Blush conducted an interview with rising music star, Zoe Viccaji. Take a look.
Blush: We understand that you went to an art school. When did you realize that music is your true calling?
Zoe: You’re correct, I was doing music right through college but never thought I’d take it on as a full time career option. It was only in 2010 after working in advertising for two years, that I realized that I was getting less and less time to do my music, and that it meant much more than just a hobby.
Blush: What is your preferred style when it comes to music? Do you have any influences?
Zoe: I have always been a jazz die hard fan. My earliest influence was Ella FitzGerald, and her rendition of many of the Cole Porter numbers of the 1920′s. Later, Sarah Mclachlan was a huge inspiration for me, and when I heard her, I think that was when I first started writing my own songs.
Blush: What are your fondest musical memories?
Zoe: I would have to say working on the musicals Chicago and Mama Mia. I really miss working with a huge group of people and that whole back stage energy and team work involved. I made many close friends during that time, and had so much fun!
Blush: How are you handling all the fame right now? Is it overwhelming?
Zoe: I wouldn’t say it’s overwhelming because it hasn’t reached such a large number. I look at some of my friends who are in TV serials and the kind of attention they get in public, and I’m very glad I’m not at that tier of fame. I like staying in the middle somewhere and keeping my music as intimate as possible.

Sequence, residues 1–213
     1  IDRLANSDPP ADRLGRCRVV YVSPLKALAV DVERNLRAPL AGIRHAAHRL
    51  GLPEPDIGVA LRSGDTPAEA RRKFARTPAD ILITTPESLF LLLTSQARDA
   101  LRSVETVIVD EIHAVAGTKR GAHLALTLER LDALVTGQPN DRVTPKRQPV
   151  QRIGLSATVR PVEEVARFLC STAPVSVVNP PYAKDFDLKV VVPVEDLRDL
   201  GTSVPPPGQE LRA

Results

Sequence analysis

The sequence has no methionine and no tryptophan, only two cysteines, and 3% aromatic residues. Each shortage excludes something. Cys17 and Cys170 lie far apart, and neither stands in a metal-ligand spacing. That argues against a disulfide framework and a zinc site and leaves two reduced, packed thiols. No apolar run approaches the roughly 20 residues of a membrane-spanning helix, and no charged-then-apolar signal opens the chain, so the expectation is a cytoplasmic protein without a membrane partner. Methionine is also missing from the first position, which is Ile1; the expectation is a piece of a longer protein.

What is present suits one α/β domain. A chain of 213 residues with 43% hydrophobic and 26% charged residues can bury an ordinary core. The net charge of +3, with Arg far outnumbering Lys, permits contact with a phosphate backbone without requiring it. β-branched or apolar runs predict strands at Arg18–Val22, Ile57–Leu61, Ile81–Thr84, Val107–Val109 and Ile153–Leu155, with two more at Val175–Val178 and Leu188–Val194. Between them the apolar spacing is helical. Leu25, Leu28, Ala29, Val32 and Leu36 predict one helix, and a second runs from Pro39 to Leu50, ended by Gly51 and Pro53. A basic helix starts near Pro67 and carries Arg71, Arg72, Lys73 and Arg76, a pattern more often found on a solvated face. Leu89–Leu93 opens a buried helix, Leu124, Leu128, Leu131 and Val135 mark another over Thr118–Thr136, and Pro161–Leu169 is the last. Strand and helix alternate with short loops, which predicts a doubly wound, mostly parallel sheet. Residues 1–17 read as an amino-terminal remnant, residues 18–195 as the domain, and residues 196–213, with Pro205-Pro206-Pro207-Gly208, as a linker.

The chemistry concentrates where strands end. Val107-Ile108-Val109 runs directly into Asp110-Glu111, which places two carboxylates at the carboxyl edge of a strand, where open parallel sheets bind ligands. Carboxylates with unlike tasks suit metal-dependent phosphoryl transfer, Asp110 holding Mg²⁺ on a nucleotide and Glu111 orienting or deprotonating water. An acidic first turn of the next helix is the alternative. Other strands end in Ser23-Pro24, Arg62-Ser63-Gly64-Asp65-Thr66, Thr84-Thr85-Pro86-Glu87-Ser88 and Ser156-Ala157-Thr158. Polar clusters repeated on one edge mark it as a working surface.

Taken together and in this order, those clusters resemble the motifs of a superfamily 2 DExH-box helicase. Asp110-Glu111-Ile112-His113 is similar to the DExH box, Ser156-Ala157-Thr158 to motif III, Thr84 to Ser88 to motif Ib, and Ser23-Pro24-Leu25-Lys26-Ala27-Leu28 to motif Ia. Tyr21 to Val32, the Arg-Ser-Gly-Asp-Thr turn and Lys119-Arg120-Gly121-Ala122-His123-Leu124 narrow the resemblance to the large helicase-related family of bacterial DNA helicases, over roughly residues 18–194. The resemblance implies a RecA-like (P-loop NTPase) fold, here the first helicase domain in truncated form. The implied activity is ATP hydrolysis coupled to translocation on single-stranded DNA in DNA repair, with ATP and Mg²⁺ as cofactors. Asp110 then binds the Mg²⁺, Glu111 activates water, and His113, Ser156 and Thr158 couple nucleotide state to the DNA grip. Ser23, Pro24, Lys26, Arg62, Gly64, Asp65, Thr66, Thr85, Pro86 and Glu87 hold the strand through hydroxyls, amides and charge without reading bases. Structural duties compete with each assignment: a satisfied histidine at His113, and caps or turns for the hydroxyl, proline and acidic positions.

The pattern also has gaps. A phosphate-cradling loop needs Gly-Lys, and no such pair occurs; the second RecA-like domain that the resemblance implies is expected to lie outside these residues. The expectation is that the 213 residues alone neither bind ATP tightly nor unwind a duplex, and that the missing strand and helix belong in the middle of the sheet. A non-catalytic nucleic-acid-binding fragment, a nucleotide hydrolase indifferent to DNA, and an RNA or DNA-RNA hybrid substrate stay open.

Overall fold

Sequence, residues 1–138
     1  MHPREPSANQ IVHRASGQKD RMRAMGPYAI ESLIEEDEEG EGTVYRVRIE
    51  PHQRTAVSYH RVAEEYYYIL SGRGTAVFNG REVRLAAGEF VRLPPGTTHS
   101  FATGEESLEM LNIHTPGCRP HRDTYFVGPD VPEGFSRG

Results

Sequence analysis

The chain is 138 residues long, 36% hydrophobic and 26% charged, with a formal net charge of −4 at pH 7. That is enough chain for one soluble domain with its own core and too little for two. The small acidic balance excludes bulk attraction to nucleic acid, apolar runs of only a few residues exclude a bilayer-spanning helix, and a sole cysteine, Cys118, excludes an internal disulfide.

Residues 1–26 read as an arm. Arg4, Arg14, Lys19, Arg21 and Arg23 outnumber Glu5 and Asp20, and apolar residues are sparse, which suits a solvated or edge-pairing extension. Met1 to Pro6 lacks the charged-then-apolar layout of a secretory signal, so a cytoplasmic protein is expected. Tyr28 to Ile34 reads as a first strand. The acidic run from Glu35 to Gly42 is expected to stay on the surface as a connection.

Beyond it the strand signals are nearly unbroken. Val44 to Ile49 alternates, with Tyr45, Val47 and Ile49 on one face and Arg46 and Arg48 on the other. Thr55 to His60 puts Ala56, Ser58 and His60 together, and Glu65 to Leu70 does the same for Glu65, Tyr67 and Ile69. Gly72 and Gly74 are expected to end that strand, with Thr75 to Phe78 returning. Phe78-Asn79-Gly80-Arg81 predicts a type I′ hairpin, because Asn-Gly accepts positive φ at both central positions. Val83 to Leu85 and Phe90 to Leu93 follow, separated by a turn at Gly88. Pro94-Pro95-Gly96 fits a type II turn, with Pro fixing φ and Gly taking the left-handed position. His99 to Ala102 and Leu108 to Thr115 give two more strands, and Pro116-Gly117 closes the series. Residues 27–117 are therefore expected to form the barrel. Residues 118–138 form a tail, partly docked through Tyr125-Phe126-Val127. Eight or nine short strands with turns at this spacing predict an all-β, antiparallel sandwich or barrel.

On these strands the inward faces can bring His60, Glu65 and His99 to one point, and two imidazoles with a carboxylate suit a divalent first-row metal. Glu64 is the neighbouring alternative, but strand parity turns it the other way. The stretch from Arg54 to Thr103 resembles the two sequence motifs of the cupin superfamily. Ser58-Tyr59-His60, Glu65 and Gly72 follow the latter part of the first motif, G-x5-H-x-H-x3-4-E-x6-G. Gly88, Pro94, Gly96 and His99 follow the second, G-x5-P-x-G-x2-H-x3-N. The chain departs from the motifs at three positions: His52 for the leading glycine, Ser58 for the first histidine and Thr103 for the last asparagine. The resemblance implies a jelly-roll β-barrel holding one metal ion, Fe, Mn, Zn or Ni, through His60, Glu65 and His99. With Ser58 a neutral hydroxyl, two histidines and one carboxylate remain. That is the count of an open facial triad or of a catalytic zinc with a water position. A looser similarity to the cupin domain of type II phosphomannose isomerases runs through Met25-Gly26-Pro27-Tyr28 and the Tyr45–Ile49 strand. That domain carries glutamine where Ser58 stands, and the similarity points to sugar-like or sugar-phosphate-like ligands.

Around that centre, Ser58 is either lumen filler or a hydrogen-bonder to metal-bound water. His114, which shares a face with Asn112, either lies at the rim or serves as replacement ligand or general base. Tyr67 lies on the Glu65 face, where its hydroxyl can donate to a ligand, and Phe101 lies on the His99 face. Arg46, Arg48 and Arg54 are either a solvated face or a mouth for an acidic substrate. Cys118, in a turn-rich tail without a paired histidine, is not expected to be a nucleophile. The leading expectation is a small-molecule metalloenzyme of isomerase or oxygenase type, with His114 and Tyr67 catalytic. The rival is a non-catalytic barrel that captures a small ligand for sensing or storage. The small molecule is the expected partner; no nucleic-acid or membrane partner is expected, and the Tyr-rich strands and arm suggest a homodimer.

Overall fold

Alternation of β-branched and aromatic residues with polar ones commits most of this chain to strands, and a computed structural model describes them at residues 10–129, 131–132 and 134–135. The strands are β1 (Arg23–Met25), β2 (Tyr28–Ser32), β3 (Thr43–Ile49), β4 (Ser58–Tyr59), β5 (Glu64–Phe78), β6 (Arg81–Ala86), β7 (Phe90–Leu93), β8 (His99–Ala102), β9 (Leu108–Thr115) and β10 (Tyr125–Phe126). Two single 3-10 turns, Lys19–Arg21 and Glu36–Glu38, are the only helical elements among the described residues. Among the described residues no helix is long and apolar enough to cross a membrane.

Blush: What rules do you live by?
Zoe: I think we all have many mottos and rules that we live by, but the ones that are helping me these days are: be true to your self and learn to let go!
Blush: If you could do it all over again, would you change anything?
Zoe: I think what ever I am today is the product of such an intricate web of events and people, that I wouldn’t want to fiddle with anything. I am happy with where I am, and believe that everything happens for the best.
Blush: Do you find yourself facing any challenges/discrimination as a female artist in the industry?
Zoe: I haven’t faced any yet, or perhaps I’m not aware of it. Funnily enough, the only time I faced any discrimination was when I went for a show in Dubai.
Blush: When things get tough, how do you keep yourself going?
Zoe: I try to take some time out for myself as often as I can, because the going usually gets tough when I’m starved for time. But I have to say it’s my family who has kept me going through all those times, especially my mother and father. I often sit at the foot of their bed and confide in them about all the good and the bad, and they help me keep my head straight.
Blush: What is your favorite inspirational quote?
Zoe: There are so many! But one that I read today and has added to what I’ve been pondering over the last few weeks is by Maya Angelou: “I’ve learned people will forget what you’ve said, people will forget what you did, but people will never forget how you made them feel.”
Blush: How do you think you have evolved with every song or album?
Zoe: I don’t know if I really have the answer to that one because I’m still learning. Every time I evolve, I also feel I need to relearn what I started with. There is a certain non-self-conscious feel that gets lost in translation when recording a track, and with every song I’m trying to learn more and more about how to achieve the kind of purity a song has when it’s not being observed.